Enhancing digital services provided by NHS 24
We will help those with mild to moderate depression by introducing more widespread on-line access to Cognitive Behavioural Therapy.
NHS 24 will continue to improve its digital services supporting mental health, including extending access to online access to Cognitive Behavioural Therapy, trialling development of video conferencing for speciality clinics, and development of additional self-help online resources. In April 2018, NHS 24 successfully completed national roll out of computerised Cognitive Behavioural Therapy (cCBT). This provides a service for adults with mild-to-moderate depression and anxiety who require flexible treatment, which can be accessed from different locations at a time that suits them.
We are committed to introducing more widespread online access to cCBT through self-referral and extension of the service to targeted groups, including adolescents. From October 2019 NHS 24 will develop self-referral access to cCBT and the use of cCBT services for adolescents. This will include work to engage with potential users, and research and marketing activity to raise awareness of the service.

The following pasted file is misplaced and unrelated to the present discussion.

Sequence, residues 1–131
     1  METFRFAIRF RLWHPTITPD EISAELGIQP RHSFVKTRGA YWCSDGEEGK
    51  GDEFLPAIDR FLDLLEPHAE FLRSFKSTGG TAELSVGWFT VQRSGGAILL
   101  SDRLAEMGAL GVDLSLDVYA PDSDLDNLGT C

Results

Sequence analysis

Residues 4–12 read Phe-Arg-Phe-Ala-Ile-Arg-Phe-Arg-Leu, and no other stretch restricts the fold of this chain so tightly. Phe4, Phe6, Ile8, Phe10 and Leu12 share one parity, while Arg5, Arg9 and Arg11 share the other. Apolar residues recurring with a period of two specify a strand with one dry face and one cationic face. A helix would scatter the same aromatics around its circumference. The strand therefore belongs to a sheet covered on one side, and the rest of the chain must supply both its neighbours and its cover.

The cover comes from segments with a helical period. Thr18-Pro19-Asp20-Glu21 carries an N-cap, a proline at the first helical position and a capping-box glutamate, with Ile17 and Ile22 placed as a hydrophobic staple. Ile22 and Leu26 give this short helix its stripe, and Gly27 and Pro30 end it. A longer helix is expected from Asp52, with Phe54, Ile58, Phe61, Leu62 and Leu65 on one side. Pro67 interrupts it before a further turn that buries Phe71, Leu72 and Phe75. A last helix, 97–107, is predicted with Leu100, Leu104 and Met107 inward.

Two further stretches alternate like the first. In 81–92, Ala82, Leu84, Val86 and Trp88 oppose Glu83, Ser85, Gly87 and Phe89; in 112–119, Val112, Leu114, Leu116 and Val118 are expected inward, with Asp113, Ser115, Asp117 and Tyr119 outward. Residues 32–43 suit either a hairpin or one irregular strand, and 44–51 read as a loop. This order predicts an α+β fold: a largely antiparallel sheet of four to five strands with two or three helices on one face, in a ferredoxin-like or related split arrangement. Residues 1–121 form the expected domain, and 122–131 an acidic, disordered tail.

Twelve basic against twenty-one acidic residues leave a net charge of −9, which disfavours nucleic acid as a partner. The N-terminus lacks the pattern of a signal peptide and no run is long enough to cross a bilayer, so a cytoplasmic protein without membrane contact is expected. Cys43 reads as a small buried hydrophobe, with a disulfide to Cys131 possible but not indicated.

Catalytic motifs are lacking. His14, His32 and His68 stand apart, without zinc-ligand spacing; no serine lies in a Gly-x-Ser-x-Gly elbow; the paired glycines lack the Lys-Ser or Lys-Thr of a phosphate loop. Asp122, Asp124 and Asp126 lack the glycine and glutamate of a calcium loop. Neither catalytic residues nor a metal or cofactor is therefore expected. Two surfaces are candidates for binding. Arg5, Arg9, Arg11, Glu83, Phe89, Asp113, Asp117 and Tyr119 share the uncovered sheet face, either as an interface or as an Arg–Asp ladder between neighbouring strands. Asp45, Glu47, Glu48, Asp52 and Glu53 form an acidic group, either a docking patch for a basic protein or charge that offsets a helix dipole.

Improving access to psychological assessment and therapies in rural areas
We will improve access to psychological assessment and therapies in rural areas through the use of technology such as video-conferencing.
As part of the broader programme of work to enhance digital services, NHS 24 will roll out video-conferencing clinics trials between October 2019 and March 2020. This will be evaluated alongside other changes to digital services in order to develop more detailed plans for improved services.
Email: Phil Raines